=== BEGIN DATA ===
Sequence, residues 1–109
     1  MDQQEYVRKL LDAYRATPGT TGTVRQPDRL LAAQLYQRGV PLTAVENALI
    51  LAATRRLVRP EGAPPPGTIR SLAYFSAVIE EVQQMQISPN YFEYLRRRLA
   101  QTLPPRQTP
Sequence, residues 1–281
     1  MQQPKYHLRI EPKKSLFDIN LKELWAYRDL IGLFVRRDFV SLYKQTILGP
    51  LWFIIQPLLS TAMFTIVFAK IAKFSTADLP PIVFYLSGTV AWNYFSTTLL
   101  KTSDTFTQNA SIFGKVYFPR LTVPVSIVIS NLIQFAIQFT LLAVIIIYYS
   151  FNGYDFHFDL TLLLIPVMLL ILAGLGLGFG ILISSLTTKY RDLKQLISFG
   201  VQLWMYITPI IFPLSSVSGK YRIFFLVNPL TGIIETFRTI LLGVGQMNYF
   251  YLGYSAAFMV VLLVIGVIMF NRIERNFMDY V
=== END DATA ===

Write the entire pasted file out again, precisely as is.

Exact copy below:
Sequence, residues 1–109
     1  MDQQEYVRKL LDAYRATPGT TGTVRQPDRL LAAQLYQRGV PLTAVENALI
    51  LAATRRLVRP EGAPPPGTIR SLAYFSAVIE EVQQMQISPN YFEYLRRRLA
   101  QTLPPRQTP
Sequence, residues 1–281
     1  MQQPKYHLRI EPKKSLFDIN LKELWAYRDL IGLFVRRDFV SLYKQTILGP
    51  LWFIIQPLLS TAMFTIVFAK IAKFSTADLP PIVFYLSGTV AWNYFSTTLL
   101  KTSDTFTQNA SIFGKVYFPR LTVPVSIVIS NLIQFAIQFT LLAVIIIYYS
   151  FNGYDFHFDL TLLLIPVMLL ILAGLGLGFG ILISSLTTKY RDLKQLISFG
   201  VQLWMYITPI IFPLSSVSGK YRIFFLVNPL TGIIETFRTI LLGVGQMNYF
   251  YLGYSAAFMV VLLVIGVIMF NRIERNFMDY V